GreenCape Concerned EPA’s PFAS Plan Lacks Action

HYANNIS – A local environmental organization is concerned that an Environmental Protection Agency plan for highly toxic chemicals in groundwater lacks proper action.

The PFAS chemicals, which are found in firefighting foam, nonstick coatings, water-repellent clothing and many other household and personal items have been linked to health threats ranging from cancer to decreased fertility.

The PFAS Action Plan, unveiled last week, will move forward with setting maximum contaminant levels, continuing enforcement actions, expanding environmental monitoring, enhancing research, and developing new analytical methods and tools.

GreenCape, the Cape Alliance for Pesticide Education, works to increase public awareness of the risks of pesticides and other chemicals to health and the vulnerability of the Cape Cod water supply.

The organization and the National PFAS Contamination Coalition say the plan is woefully inadequate for individuals and communities that have suffered from expose to contamination for many years.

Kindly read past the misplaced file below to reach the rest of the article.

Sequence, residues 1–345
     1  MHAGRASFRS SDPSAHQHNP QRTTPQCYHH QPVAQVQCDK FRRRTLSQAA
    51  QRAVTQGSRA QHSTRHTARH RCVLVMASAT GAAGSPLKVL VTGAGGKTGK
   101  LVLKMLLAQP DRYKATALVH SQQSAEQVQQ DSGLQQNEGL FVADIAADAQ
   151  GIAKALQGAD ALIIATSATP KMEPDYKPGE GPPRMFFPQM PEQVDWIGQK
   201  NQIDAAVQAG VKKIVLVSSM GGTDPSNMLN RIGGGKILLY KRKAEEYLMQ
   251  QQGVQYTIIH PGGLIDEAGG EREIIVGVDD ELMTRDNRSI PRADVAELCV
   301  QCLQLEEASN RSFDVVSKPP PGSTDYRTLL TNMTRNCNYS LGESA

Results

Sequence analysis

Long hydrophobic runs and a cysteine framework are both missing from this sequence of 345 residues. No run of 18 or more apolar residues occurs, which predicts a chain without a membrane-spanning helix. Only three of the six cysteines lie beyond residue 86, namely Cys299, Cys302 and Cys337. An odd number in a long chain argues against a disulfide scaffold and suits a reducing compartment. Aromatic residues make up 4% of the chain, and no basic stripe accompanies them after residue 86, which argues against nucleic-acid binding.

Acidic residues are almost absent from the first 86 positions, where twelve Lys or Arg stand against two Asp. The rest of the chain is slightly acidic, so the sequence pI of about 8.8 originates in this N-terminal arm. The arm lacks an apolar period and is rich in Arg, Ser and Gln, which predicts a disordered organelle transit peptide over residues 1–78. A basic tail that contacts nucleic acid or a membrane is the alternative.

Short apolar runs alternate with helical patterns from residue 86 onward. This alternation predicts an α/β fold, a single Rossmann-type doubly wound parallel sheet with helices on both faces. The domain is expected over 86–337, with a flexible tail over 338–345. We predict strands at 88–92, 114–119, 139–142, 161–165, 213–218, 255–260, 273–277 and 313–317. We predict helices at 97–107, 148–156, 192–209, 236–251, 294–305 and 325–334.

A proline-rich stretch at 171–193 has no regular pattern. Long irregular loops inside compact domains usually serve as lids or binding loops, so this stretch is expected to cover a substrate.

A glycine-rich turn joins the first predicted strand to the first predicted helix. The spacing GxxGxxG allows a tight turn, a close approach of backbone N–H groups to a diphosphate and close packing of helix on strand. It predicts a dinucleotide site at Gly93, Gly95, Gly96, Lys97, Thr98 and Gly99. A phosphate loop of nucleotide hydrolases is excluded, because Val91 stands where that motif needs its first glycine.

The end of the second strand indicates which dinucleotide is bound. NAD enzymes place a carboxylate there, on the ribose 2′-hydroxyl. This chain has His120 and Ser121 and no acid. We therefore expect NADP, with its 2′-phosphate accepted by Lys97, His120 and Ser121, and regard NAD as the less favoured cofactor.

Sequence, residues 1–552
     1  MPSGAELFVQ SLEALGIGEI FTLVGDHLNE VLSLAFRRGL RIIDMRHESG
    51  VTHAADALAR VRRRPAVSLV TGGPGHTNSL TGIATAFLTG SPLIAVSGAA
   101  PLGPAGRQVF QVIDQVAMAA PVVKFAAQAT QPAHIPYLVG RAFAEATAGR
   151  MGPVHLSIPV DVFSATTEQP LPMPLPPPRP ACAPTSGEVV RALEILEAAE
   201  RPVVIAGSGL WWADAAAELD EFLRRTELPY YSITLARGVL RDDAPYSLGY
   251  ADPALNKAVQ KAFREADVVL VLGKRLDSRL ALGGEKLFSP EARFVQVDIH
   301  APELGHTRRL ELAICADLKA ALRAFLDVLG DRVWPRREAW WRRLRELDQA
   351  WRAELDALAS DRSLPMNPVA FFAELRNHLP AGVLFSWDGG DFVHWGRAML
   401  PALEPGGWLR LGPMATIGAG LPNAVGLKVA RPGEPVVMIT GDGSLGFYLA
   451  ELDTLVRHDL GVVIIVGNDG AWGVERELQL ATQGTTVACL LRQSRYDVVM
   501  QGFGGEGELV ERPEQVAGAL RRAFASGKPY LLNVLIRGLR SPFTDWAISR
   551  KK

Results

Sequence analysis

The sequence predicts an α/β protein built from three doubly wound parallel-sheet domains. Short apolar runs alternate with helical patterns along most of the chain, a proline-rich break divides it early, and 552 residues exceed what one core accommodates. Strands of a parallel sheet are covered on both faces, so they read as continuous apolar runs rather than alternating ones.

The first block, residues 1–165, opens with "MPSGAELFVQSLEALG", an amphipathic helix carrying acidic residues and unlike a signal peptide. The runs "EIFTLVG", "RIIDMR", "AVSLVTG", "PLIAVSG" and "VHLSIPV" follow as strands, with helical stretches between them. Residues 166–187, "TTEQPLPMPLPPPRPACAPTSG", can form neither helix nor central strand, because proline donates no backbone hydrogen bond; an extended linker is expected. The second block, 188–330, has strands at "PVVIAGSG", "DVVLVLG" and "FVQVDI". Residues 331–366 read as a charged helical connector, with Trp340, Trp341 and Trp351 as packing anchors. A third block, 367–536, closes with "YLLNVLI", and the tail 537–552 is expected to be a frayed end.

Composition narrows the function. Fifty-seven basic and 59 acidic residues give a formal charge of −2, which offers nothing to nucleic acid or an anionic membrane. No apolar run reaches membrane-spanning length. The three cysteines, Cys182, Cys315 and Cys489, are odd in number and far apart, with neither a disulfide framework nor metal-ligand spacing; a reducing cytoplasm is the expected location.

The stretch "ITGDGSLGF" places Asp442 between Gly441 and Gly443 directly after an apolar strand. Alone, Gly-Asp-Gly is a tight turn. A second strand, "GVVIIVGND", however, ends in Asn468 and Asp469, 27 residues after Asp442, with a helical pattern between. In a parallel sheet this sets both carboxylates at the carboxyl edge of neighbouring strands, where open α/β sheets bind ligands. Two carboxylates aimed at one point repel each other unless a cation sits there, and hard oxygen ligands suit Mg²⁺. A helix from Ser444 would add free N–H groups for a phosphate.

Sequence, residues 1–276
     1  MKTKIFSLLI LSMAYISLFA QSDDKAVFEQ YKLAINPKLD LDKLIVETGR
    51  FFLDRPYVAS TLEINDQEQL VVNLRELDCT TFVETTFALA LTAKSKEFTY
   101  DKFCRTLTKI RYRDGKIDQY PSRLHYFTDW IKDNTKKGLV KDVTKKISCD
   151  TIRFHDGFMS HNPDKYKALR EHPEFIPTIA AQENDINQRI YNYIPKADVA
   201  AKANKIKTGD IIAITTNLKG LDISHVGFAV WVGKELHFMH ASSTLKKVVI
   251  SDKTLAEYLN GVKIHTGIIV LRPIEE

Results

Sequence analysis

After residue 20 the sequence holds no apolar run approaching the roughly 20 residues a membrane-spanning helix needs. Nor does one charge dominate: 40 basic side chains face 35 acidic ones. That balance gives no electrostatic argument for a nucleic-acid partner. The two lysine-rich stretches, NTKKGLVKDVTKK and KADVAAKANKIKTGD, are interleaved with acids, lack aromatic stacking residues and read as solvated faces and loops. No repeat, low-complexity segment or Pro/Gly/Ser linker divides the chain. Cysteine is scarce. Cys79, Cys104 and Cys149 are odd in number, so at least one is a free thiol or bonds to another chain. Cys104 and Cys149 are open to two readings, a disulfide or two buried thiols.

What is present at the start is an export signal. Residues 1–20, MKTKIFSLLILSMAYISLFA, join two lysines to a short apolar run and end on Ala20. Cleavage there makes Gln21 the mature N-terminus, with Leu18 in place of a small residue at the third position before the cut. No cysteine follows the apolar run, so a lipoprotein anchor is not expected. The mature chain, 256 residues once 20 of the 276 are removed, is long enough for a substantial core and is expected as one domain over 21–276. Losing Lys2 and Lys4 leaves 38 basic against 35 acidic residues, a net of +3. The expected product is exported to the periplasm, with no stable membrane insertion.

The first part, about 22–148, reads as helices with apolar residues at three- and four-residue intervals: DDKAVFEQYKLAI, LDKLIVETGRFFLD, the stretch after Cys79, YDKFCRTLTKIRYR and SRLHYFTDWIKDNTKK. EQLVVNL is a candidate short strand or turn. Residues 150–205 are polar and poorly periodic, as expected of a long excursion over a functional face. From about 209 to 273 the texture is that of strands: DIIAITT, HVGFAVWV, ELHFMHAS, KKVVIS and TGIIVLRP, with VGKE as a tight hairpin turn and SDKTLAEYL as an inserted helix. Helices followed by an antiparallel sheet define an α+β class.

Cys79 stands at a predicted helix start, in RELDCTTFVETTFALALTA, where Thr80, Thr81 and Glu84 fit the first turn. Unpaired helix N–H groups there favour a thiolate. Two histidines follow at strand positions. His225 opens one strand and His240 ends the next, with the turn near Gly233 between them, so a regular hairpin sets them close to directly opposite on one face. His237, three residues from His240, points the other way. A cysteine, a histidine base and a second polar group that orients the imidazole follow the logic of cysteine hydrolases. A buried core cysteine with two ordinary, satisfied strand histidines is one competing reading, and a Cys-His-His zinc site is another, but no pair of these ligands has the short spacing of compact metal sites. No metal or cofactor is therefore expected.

“It is just a plan that does not appear to have an action piece,” said Sue Phelan, the leader of GreenCape.

Phelan said the organization talked with Alexandra Dunn, the assistant administrator of EPA’s Office of Chemical Safety and Pollution Prevention, last year and felt the agency would move solutions ahead more quickly.

“While there seems to be more press, it doesn’t seem to be a lot of action,” Phelan said.

Phelan said there is concern that EPA has yet to established a Maximum Contaminant Level for PFAS chemicals in groundwater.